27 November, 2007

Just what is an Islamic car?

Malaysian national car maker Proton plans to team up with companies in Iran and Turkey to produce "Islamic cars" for the global market

Proposed by Iran, the collaboration would include installing features in automobiles such as a compass to determine the direction of Mecca for prayers, and compartments for storing the Quran and head scarves.

"What they (Iran) want to do is to call that an Islamic car. We will identify a car that we can develop and produce it in Malaysia, Iran or Turkey. For Proton, we are more than happy because we have products that we can share," said Syed Zainal Abidin Syed Mohamed Tahir, the chief executive of Proton.

Just what is an Islamic car?

The term ‘Islamic’ betrays an activity (amalan), one that is derived from the fundamental elements of the world view of Islam and it is not something indicative of ritual appearance. It refers to an activity or action and by necessity an actor.

IT WAS another Sunday morning. It had been raining the night before and it was still raining the following morning. The sky was still overcast; the sun had not been seen for days.

Not exactly the kind of welcome to the day; certainly not the kind of day that could put one in a cheerful mood. So already my temperament, much like the weather, was indecisive.

It would not take much of an impetus to decide the mood my temperance would follow. I decided, perhaps due to a spell of fleeting boredom, to read the newspaper, and that’s when it happened.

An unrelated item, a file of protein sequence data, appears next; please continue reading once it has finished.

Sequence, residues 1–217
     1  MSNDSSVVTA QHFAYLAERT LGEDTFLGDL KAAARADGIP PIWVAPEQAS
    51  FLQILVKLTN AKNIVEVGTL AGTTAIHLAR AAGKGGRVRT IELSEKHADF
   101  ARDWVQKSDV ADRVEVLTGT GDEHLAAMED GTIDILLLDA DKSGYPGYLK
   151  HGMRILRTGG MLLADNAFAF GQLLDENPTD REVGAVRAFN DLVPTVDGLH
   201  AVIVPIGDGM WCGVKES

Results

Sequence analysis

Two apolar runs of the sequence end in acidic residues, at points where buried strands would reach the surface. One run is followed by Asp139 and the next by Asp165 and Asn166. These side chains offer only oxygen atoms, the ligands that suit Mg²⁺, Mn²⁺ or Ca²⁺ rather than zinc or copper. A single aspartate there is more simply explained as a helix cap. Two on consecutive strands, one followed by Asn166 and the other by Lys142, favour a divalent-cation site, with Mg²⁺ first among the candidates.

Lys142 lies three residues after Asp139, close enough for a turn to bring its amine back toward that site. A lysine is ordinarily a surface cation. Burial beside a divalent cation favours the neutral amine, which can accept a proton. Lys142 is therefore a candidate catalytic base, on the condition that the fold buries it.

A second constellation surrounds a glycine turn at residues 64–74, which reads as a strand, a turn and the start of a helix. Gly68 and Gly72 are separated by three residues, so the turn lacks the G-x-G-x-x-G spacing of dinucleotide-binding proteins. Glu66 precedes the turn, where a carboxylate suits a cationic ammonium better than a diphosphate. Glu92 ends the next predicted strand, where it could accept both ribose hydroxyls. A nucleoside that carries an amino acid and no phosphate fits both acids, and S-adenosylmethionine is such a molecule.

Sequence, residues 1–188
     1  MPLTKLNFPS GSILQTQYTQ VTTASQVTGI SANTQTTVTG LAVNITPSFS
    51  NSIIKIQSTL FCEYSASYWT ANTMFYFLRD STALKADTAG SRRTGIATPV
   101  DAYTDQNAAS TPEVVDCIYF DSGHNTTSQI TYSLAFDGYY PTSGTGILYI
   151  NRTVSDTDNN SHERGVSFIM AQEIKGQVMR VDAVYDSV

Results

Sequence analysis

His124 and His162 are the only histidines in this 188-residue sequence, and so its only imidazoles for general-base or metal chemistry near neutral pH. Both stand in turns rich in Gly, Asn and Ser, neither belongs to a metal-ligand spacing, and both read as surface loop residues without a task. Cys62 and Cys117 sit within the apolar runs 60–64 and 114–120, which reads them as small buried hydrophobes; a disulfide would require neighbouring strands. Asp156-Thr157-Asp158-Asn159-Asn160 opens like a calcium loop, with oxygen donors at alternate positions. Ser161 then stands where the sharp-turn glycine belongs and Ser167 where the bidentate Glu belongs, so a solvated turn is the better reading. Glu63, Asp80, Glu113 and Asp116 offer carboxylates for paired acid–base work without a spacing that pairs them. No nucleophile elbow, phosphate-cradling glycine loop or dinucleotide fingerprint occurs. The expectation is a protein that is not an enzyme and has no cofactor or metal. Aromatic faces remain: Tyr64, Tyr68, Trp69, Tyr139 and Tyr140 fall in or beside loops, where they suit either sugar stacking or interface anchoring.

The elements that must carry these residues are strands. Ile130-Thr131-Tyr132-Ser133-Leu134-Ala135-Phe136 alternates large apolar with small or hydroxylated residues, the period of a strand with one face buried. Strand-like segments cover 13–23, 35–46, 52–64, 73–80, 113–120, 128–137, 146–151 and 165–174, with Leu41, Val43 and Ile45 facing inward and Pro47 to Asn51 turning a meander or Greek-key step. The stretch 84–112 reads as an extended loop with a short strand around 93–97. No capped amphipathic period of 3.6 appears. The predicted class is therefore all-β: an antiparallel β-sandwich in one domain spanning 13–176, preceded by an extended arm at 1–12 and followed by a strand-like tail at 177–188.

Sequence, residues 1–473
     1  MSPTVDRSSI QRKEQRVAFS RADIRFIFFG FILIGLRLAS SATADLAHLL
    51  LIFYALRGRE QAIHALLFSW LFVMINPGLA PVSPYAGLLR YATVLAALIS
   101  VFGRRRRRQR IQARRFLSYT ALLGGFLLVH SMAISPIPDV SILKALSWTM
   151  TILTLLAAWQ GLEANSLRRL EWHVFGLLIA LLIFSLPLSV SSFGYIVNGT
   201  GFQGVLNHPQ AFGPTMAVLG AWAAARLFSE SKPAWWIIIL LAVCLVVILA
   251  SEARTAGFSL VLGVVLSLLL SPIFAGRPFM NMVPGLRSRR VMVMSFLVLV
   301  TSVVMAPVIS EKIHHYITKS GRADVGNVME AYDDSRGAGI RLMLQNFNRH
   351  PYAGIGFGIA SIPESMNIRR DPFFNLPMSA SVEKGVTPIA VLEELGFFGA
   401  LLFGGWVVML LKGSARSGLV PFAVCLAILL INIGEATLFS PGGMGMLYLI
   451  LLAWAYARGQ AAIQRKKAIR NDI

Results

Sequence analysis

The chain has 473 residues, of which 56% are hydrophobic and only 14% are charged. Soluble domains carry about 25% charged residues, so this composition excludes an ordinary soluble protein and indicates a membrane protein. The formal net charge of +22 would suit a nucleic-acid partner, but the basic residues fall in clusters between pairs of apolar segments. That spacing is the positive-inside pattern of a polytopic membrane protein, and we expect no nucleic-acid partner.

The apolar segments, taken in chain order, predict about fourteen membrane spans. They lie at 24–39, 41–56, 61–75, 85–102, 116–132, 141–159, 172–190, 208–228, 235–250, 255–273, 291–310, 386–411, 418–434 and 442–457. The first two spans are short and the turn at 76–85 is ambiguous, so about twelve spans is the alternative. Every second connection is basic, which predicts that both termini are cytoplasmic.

I went from being wilfully undecided to angry and insulted. But you may ask, what could have caused this sudden swing in temperament?

That which caused me to become angry and insulted was an article on Proton's “Islamic car” concept.

Reporting from Tehran, the national news agency Bernama said that, “Malaysia, together with Iran and Turkey plans to produce ‘Islamic cars’ for the global market.”

This of course was according to Proton Holdings Bhd managing director Datuk Syed Zainal Abidin Syed Mohamed Tahir. He however, did not claim the proposal was his idea, rather, according to the report the idea was mooted by Iran.

The cars are apparently “expected to have Islamic features such as the compass kiblat reading and compartments for keeping the Quran and scarves.”

A complete perusal of the article betrays the fact that the focus was not on making a car “Islamic”, but rather on using the term “Islamic” as an advertising tool purely for economic gain.

The article quoted the managing director of Proton Holdings Bhd as having said that “the car will have all the Islamic features”, a statement which assumes he knows what the term “Islamic” means, and what those features are that make a car Islamic.

Is he correct? Does he indeed know what the term “Islamic” conveys? The term “Islamic”, contrary to popular modernist belief, is not something indicative of ritual appearance.

In truth, the term “Islamic” betrays an activity (amalan), one that is derived from the fundamental elements of the worldview of Islam. As such it necessarily requires an actor (pengamal). As far as the article is concerned, the term “Islamic” refers primarily to the features associated with an inanimate object, one that by definition is devoid of an actor and by virtue of which cannot act (mengamal).

Why is this so? Clearly by virtue of the fact that we have said earlier that the term “Islamic” refers to an activity or action and by necessity an actor, logically then there must be a system of laws governing that action, namely the syariah.